Another issue is that social media makes it much easier to buy drugs and to stay in touch with dealers. Before social media, people usually obtained drugs from friends of friends, but it’s now possible to buy drugs on social media, with coded adverts advertising illegal and prescription drugs, and even imported alcohol and cigarettes. Young people can easily use encrypted messengers to get in touch with dealers, making it less likely that their parents or the police will find out.
The issues above can be clearly seen when you look at the statistics about drug abuse and social media among young people. A study at Columbia University, carried out in 2011, found that teenagers who regularly used social media were more likely to smoke, use drugs or drink alcohol when compared to their peers who spent little or no time on social media.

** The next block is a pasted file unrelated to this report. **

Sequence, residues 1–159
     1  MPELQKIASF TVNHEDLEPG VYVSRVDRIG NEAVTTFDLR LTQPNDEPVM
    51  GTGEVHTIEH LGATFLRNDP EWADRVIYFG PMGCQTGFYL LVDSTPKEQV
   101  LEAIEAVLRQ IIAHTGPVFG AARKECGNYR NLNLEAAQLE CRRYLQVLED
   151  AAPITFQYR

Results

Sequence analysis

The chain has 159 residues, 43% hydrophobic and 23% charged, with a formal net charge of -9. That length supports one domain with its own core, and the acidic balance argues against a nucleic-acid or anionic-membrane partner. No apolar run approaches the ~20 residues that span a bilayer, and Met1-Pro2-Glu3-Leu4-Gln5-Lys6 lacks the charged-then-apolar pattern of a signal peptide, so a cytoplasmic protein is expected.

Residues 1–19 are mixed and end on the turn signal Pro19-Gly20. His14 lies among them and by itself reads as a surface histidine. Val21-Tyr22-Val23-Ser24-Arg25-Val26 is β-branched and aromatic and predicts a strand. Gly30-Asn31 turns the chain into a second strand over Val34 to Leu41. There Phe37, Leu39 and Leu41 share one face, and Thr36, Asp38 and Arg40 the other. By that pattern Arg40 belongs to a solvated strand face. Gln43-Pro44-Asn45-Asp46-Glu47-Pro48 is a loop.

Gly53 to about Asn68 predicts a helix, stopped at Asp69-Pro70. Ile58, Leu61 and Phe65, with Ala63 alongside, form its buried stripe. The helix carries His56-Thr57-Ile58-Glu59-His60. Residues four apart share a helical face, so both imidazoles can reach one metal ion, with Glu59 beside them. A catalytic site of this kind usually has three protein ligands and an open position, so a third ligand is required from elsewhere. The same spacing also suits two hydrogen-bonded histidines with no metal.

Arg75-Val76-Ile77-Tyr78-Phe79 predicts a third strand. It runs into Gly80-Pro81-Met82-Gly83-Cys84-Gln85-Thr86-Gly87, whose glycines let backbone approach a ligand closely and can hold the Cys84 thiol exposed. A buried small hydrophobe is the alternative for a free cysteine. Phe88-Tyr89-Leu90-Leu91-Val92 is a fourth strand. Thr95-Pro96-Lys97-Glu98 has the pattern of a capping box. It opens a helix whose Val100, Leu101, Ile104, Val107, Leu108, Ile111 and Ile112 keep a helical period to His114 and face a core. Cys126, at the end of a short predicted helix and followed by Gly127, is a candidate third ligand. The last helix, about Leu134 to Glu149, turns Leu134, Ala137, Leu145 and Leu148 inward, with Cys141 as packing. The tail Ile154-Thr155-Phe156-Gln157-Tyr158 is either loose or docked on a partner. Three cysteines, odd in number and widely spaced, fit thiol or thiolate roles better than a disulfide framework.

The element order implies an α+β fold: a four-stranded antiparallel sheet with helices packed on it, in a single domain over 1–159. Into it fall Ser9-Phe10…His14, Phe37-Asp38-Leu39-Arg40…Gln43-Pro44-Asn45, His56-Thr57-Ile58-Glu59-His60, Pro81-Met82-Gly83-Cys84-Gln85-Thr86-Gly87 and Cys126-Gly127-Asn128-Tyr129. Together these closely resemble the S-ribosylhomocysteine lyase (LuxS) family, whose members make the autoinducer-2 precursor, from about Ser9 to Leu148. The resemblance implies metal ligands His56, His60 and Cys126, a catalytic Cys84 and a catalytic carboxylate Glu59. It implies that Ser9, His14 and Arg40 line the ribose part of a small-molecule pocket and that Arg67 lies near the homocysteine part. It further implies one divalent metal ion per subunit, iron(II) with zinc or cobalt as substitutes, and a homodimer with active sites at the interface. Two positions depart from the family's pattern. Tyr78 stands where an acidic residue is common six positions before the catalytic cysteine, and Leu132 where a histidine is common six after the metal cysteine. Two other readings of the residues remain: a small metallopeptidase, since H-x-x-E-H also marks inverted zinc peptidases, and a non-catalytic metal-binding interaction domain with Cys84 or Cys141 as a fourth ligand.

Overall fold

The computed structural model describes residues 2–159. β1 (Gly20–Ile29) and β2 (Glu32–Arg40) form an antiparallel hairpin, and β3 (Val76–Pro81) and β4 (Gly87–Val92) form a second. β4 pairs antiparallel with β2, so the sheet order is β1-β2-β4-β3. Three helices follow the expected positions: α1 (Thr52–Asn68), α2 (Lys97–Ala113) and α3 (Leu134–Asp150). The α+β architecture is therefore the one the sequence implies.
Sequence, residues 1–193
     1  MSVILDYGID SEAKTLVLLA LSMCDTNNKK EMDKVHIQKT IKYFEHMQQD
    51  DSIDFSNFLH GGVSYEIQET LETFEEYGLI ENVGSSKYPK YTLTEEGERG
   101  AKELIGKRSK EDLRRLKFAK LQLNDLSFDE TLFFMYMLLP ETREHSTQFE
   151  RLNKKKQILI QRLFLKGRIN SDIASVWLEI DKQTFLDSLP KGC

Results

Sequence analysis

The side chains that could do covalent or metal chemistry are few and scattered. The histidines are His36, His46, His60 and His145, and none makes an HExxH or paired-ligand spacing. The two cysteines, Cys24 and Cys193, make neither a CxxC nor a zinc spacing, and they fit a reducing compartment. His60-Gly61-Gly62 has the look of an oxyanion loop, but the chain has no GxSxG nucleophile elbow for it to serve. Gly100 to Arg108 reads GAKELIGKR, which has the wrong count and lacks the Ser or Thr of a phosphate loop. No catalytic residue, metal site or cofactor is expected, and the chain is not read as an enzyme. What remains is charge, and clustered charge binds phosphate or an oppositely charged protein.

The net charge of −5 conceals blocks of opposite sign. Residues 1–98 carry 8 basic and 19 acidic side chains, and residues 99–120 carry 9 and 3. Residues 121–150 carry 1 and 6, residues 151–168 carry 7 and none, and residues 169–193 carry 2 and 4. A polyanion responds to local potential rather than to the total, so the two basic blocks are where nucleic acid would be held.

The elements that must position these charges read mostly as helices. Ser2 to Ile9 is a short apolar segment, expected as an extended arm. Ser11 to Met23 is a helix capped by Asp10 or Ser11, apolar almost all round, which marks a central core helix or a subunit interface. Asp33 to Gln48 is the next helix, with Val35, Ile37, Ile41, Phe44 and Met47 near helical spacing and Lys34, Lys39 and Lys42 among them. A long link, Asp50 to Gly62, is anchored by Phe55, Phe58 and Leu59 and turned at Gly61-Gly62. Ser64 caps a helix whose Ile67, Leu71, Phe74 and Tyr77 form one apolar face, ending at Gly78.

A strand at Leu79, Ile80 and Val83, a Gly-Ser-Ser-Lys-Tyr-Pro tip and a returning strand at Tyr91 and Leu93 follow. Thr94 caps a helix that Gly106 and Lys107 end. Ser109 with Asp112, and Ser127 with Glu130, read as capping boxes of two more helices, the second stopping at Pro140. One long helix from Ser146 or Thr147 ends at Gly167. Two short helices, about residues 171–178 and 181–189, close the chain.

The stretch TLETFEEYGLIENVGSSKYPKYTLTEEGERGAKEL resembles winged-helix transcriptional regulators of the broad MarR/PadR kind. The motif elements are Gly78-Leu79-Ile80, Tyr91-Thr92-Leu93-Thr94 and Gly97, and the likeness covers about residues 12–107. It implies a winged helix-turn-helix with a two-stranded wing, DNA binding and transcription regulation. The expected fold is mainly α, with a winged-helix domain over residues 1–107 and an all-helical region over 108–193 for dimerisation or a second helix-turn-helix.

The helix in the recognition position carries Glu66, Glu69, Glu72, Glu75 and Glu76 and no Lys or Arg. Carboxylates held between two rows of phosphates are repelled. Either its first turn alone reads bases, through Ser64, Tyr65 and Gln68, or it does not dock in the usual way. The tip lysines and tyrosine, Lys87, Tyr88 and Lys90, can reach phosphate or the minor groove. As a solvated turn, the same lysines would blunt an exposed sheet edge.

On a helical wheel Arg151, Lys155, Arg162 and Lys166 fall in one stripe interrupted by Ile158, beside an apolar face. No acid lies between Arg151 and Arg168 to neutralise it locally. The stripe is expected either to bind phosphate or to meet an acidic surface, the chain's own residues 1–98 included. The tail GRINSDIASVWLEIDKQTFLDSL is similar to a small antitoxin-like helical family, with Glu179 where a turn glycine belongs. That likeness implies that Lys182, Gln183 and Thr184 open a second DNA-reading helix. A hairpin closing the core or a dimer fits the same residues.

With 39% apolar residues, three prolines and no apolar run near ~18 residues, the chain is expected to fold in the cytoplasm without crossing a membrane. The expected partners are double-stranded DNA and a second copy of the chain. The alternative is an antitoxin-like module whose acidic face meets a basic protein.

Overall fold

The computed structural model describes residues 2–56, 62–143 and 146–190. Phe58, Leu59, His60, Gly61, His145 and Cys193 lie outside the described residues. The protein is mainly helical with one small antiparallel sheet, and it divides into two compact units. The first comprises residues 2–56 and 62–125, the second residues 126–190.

Young people who were regular users of social media were up to five times more likely to smoke or buy cigarettes than other people in the same age group, three times more likely to use alcohol, and twice as likely to use substances such as marijuana. Peer pressure has long been common among teenagers, but on social media it’s intensified because it’s something that can be accessed 24/7, so the images have more of an effect.
Social Media Image
Another thing about social media is that it presents a very distorted view of peoples’ lives. Nobody’s life is perfect, but if you look at their Facebook or Instagram page, you see a carefully curated collection of their best images. This creates a fear of missing out, making it feel like everyone is doing more and having more fun than you. And on many social networks, it’s not just your friends that you see having fun, but also casual acquaintances, friends of friends, or even celebrities, many of who are posting about the great times they’re having using drugs or alcohol, making it seem desirable. Many of these posts include carefully frames, even photoshopped pictures too, adding to the glamorous angle.